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About advanced gallbladder cancer

Men and women discussing gallbladder cancer

This page tells you about advanced gallbladder cancer.


What is advanced gallbladder cancer?

Advanced gallbladder cancer means the cancer has spread from where it started in the gallbladder and it cannot be removed with surgery. Or the cancer has come back some time after you were first treated. Unfortunately, most people with gallbladder cancer already have advanced cancer when they are diagnosed. Even if your doctor can’t cure your cancer, there is treatment available to control your symptoms. This may also shrink the cancer and slow it down, even if it can’t get rid of it.


Possible treatments for advanced gallbladder cancer

Chemotherapy, radiotherapy and surgery can all be used to treat advanced gallbladder cancer. The treatment depends on

  • The size and number of secondary cancers
  • Where in the body the cancer has spread
  • The treatment you have already had
  • Your general health

If the cancer blocks bile drainage from your gallbladder, you can have a drainage tube called a stent put in. The stent allows the bile to drain into the small bowel again and can help to relieve your symptoms. Some drug treatments can control particular symptoms, for example pain or feeling sick. You may also be offered pain control with nerve blocks.

There may be trials of experimental treatments that you can take part in. These may be new chemotherapy drugs or new types of treatment. Look at the gallbladder cancer research page for more information.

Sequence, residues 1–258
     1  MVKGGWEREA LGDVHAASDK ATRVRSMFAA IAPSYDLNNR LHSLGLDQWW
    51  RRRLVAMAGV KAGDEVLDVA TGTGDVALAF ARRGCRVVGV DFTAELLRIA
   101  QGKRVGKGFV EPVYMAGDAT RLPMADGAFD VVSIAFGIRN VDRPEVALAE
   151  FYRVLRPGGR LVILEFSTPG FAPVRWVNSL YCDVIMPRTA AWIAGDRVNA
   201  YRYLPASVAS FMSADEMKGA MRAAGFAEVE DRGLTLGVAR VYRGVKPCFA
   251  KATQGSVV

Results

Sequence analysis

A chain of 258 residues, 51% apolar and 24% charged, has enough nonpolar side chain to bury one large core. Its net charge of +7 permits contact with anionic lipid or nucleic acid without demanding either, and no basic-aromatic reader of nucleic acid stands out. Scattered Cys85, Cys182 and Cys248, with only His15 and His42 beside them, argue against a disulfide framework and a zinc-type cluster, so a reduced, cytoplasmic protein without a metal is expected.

Treatment decisions for advanced gallbladder cancer

When you have an advanced cancer, it can be difficult to decide which treatment to try, or whether to have treatment at all. You will need to consider your quality of life while you are having the treatment. This includes side effects, as well as stresses (such as travelling back and forth to the hospital). Most importantly you will need to understand how the treatment your doctor is offering may help you.

Your doctor will discuss the options for treatment with you. There may be a counsellor or specialist nurse at the hospital you can talk to. You may also want to talk things over with a close relative or friend. It can be helpful to talk over difficult decisions with someone who is outside your circle of family and friends. Contact a counselling organisation to find out more about counselling and how to find a counsellor in your area.

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Updated: 19 June 2014